Probability of damaging thunderstorm winds or wind gusts of 50 knots or higher within 25 miles of a point. Hatched Area: 10% of greater probability of wind gusts 65 knots or greater within 25 miles of a point.
Kansas City, MO...Wichita, KS...St. Louis, MO...Overland Park, KS...Kansas City, KS...
SPC AC 261943
Day 1 Convective Outlook
NWS Storm Prediction Center Norman OK
0243 PM CDT Tue Jun 26 2018
Valid 262000Z - 271200Z
...THERE IS AN ENHANCED RISK OF SEVERE THUNDERSTORMS LATE THIS
AFTERNOON AND EVENING ACROSS PORTIONS OF THE OZARK PLATEAU AND
ADJACENT MISSISSIPPI VALLEY REGION...
...THERE IS A SLIGHT RISK OF SEVERE THUNDERSTORMS ACROSS SURROUNDING
AREAS EAST-SOUTHEASTWARD ACROSS THE TENNESSEE VALLEY INTO PARTS OF
THE SOUTHERN APPALACHIANS...AS WELL AS ACROSS PARTS OF THE NORTHERN
Severe thunderstorms are likely from eastern Kansas into central
Missouri this afternoon into tonight. Severe storms will also be
possible this afternoon across Kentucky and parts of the western
...20Z Outlook Update...
Considerable adjustments to categorical and probabilistic lines have
been made, generally to attempt to account for stabilizing impacts
of ongoing convection and associated outflow. Moderate to large
boundary layer CAPE has developed in response to daytime heating,
largely focused along and south of a conglomerate outflow boundary,
now roughly extending from eastern portions of the central Plains
through the Missouri Ozarks into the Tennessee Valley and southern
Appalachians. This instability is expected to support a continued
gradual increase in thunderstorm activity, along the southern
periphery of broad troughing within the southern branch of the split
mid-latitude westerlies, where vertical shear appears sufficient to
contribute to organizing clusters with potentially damaging wind
gusts the primary severe hazard.
Across the Upper Midwest, convection continues to gradually increase
near/just ahead of the eastward advancing mid-level closed low.
Mid-level lapse rates appear rather weak, but modest deep layer
shear could still contribute to organization and some potential for
strong wind gusts. Although low-level hodographs and wind fields
are generally weak, there may be some lingering risk for an isolated
relatively brief and weak tornado near an effective warm frontal
zone across parts of northeastern Illinois and adjacent southeastern
For more specific information concerning ongoing or imminent
convective potential, please refer to the latest SPC mesoscale
discussions and watches.
.PREV DISCUSSION... /ISSUED 1130 AM CDT Tue Jun 26 2018/
...KY today to MO/KS through tonight...
A closed midlevel low over IA will continue moving
east-northeastward toward Lake MI by tonight, in conjunction with an
associated/weak surface cyclone. South and southeast of the
midlevel low, multiple thunderstorm complexes are ongoing this
morning from western KY to central MO and central KS. The eastern
complex will likely persist through the afternoon given that it has
a well-developed cold pool and surface heating/destabilization to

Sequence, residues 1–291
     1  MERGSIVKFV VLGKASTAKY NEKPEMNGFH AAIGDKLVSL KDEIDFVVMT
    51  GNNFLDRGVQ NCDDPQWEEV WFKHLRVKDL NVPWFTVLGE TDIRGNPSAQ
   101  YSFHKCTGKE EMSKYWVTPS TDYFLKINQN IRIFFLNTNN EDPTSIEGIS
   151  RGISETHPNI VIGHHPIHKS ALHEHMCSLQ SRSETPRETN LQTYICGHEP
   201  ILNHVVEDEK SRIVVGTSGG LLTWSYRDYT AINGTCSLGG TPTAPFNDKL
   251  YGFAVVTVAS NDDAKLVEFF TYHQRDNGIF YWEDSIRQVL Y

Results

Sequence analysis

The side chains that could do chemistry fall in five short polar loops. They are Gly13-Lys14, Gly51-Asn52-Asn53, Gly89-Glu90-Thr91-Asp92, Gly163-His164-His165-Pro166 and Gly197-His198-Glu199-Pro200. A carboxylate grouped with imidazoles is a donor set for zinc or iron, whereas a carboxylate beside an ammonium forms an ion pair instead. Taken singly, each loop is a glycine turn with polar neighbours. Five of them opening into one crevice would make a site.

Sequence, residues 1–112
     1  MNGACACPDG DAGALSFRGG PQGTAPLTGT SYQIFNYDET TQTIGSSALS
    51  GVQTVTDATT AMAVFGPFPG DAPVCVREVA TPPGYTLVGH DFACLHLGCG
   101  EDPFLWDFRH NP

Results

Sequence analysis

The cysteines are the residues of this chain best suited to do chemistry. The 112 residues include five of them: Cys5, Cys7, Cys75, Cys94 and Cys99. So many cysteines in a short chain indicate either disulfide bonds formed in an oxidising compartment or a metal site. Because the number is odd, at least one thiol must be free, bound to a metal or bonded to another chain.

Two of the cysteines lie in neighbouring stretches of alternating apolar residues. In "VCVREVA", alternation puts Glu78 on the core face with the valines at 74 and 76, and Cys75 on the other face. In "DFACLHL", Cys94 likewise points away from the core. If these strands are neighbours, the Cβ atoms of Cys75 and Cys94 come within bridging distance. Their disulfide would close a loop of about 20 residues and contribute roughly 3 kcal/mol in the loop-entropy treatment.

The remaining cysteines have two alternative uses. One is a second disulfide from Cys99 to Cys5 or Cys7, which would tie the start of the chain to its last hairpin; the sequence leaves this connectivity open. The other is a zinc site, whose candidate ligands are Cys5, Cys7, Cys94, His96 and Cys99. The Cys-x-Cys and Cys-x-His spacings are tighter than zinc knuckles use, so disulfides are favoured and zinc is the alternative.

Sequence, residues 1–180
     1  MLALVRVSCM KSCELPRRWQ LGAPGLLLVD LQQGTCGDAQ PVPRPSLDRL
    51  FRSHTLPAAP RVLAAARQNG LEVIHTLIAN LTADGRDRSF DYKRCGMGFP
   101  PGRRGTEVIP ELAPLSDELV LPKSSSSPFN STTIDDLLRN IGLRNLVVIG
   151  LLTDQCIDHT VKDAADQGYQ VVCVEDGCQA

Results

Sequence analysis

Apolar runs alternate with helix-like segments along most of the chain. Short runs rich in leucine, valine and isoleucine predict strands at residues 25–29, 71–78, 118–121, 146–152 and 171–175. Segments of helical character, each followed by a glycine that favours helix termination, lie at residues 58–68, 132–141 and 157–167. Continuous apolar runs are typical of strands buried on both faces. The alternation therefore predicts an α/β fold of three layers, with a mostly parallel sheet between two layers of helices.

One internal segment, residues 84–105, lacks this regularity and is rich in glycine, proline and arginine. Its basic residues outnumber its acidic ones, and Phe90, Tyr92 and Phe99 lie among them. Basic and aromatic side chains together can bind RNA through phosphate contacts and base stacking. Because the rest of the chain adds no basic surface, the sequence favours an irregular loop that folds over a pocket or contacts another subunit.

its east is already boosting SBCAPE to 3000 J/kg or greater with
minimal convective inhibition. Damaging gusts and isolated large
hail will be the main threats with this convection, plus more
pulse-type storms farther to the east across KY (ahead of the MCS).
An outflow boundary trails westward across southern MO, and clusters
of elevated storms are ongoing atop the cold pool in central MO.
The central MO storms will tend to reinforce the cold pool across
central MO today, but recovery is ongoing across southwest MO where
temperatures are warming into the 80s with dewpoints in the lower
70s F. Continued surface heating/moistening from OK into southeast
KS/southwest MO will drive strong buoyancy (MLCAPE of 3000-4000
J/kg) south and west of the current outflows and the synoptic front
now just south of I-70 in KS. Meanwhile, a cluster of elevated
storms (that formed in a warm advection zone this morning) will have
the potential to become rooted at the surface and generate a cold
pool as it encounters the increasingly unstable environment toward
southeast KS this afternoon. Some combination of growth of the
morning storms or new development later this afternoon along the
synoptic front will pose a threat for large hail and damaging winds.
Low-midlevel vertical shear will be sufficient for some supercell
structures (and possibly isolated very large hail), though storms
should tend to grow upscale into another band/cluster and move
across southeast KS/MO through tonight.
...Northwestern IL and vicinity this afternoon/evening...
Some clouds breaks will allow modest surface heating/destabilization
to the north of the more widespread convection passing south of this
area. A band of ascent attendant to the midlevel low and along the
surface warm front could support a few relatively low-topped
rotating storms, with a tornado or two possible.
...Northern High Plains this afternoon/evening...
A midlevel shortwave trough within a broad zone of cyclonic
mid-upper flow belt will progress eastward across the northern High
Plains and Prairie provinces through tonight. An accompanying cold
front will provide a focus for low-level ascent this
afternoon/evening into western ND and northwestern SD, where
residual dewpoints in the lower 60s F and strong surface heating
will drive moderate buoyancy (MLCAPE of 1500-2000 J/kg. Deep-layer
vertical shear and lapse rates will be sufficient for supercells
capable of producing large hail and damaging winds for a few hours
this afternoon through this evening.
CLICK TO GET WUUS01 PTSDY1 PRODUCT
NOTE: THE NEXT DAY 1 OUTLOOK IS SCHEDULED BY 0100Z